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PIP 12: Malay Traditional Customs: Towards A Shariah Compliant Practice

RM 8.00

Culture is a defining element and criterion of the identities of countries and communities around the globe. Culture is signified by the sum total of ideas, meanings and practices upheld by a community and reflected in their shared characteristics. Despite serving as a part of social identity, however, culture is fluid and often interacts with other cultures and aspects of life, such as history and religion. The intersection of Islamic teachings and their influences with various cultures across the Muslim world is a reality that can hardly be denied. Stretching from Europe to Africa, the Near East and beyond, Islam has met world civilisations at multiple crossroads. During this process of meeting, Islamic values have been assimilated into different civilisations that have nonetheless retained their own unique ethnic and territorial cultures. The great Malay traditions and customs of the past form a part of this rich mosaic of Muslim global ethos. Yet due to its long historical roots and geographical context, Malay culture also retains its own peculiarities. Cultural evolution has significantly shaped the Malay psyche across the centuries. This influence can be seen in Malay lifestyles, everyday practices and seasonal celebrations. Everyday codes of conduct connected to births, weddings, deaths and royal ceremonies exhibit a manifest fusion of historical vestiges with present cultures. As these historical practices often originate with the pre-Islamic period, their Hindu-Buddhist and animistic traces remain palpable. Therefore, closer attention to these customary practices is called for to ascertain their conformity to core Islamic tenets. Throughout the long history of its development, the shariah has not failed to address cultural realities through different avenues, often taking pragmatic approaches to safeguard people’s convenience and human interests. The concept of ‘urf, for instance, serves as Islam’s main avenue for the recognition of local customs. This PIP observes, inter alia, some Malay customary practices in the light of ‘urf and tasyabbuh (assimilation), two shariah concepts that are instrumental in gauging the legality of social norms and conventions. This PIP also advances a number of both theoretical and actionable recommendations aimed at enhancing public awareness regarding suspected customs, while also promoting policy initiatives to regulate those practices. These include the suggestion that civil societies and religious authorities keep an active profile of awareness-raising among the Malay public concerning unwarranted practices and provide them with adequate guidelines regarding their traditions, customs and concerns. Religious leaders should alert the general public to instances of conflict and tension between customary practices and their Islamic beliefs. It is hoped that through persistent awareness raising efforts and guidance, the Malay community will be able to stay true to their religious principles while preserving in the meantime their rich customary heritage and unique identities.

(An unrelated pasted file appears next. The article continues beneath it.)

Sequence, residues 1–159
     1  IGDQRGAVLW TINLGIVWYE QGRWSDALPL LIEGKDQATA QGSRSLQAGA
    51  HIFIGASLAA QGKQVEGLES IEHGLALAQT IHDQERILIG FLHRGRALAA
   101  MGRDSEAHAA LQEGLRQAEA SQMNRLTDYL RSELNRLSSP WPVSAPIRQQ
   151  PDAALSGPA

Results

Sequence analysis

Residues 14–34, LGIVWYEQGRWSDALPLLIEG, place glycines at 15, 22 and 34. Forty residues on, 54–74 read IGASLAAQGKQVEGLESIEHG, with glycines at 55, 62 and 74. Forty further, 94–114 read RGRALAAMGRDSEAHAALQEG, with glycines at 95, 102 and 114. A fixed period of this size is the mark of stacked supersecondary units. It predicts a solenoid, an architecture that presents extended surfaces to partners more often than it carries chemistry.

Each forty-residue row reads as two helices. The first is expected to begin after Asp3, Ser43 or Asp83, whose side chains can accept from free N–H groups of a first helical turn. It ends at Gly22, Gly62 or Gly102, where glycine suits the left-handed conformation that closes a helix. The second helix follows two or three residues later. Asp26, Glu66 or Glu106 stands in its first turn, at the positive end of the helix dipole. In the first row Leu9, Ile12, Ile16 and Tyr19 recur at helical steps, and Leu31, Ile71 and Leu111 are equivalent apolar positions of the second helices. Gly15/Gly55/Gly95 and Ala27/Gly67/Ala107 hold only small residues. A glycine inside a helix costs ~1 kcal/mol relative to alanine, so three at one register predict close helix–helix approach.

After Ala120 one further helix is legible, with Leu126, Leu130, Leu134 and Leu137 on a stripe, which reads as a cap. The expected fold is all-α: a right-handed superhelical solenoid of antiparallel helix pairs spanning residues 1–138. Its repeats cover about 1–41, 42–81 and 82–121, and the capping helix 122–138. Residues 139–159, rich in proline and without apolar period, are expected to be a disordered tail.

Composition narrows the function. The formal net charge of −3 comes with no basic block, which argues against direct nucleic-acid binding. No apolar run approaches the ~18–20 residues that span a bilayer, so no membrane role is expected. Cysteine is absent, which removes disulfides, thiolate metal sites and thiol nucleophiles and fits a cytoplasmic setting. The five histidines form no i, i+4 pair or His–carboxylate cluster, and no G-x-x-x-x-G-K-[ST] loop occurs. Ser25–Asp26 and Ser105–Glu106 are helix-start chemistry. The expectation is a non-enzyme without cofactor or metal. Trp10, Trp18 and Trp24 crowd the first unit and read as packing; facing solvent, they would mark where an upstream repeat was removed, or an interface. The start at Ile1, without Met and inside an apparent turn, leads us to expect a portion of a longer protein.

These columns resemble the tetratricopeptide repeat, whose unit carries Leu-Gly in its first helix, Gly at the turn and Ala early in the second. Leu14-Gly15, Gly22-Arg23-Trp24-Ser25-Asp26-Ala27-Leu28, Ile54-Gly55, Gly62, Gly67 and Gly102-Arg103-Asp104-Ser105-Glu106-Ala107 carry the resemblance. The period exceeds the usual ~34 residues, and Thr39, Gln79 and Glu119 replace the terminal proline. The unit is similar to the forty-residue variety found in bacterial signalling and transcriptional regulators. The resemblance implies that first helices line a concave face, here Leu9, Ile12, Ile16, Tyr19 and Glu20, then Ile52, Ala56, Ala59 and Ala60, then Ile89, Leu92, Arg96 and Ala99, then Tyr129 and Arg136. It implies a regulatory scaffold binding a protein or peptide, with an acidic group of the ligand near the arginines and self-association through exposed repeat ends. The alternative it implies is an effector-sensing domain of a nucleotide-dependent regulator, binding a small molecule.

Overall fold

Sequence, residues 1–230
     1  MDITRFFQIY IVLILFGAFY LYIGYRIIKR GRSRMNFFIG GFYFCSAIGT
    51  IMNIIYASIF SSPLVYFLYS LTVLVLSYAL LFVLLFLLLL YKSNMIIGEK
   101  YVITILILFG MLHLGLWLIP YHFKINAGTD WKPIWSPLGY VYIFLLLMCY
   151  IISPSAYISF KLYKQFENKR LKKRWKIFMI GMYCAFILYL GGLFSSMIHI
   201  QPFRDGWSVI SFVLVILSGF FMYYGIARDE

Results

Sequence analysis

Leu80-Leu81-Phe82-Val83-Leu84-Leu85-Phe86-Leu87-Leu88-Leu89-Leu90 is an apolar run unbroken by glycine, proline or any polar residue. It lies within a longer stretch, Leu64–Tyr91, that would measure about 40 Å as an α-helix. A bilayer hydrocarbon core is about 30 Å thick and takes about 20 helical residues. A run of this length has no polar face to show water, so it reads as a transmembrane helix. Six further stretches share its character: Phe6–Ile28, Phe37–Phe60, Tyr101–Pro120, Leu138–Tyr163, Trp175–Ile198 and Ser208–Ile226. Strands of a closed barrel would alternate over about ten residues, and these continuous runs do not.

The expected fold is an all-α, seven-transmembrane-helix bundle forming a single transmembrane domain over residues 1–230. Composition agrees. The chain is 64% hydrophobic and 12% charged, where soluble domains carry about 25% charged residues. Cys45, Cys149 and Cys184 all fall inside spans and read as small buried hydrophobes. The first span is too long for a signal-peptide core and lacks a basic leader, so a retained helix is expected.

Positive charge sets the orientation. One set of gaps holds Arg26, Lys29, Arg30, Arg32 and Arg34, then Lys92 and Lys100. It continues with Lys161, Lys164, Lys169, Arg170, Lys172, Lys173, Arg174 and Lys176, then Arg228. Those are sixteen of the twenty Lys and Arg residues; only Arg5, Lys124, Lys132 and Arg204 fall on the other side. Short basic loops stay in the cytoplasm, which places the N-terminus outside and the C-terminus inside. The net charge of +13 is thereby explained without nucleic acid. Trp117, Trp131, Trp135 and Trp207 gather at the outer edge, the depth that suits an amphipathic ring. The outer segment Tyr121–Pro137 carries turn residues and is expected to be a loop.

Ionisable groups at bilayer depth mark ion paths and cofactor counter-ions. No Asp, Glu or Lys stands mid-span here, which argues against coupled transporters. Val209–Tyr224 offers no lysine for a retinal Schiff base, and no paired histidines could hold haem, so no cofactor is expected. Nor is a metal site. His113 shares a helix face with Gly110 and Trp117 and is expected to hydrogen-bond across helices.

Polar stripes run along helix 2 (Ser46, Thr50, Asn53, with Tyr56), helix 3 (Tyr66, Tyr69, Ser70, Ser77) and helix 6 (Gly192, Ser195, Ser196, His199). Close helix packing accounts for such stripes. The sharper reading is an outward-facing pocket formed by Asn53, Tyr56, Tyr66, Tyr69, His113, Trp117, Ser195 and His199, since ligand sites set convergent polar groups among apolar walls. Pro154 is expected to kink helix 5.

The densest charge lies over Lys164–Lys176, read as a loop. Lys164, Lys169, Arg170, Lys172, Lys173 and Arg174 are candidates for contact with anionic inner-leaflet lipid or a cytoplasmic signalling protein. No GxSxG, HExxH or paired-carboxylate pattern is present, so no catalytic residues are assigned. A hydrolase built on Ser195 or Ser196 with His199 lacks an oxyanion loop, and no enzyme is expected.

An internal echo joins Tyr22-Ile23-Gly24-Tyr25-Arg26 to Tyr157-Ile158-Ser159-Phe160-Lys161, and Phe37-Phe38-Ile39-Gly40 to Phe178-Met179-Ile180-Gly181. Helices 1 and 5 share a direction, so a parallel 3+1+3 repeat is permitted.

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For other inquiries, please contact (call or Whatsapp) Mr Muhaimin at 013 566 9412.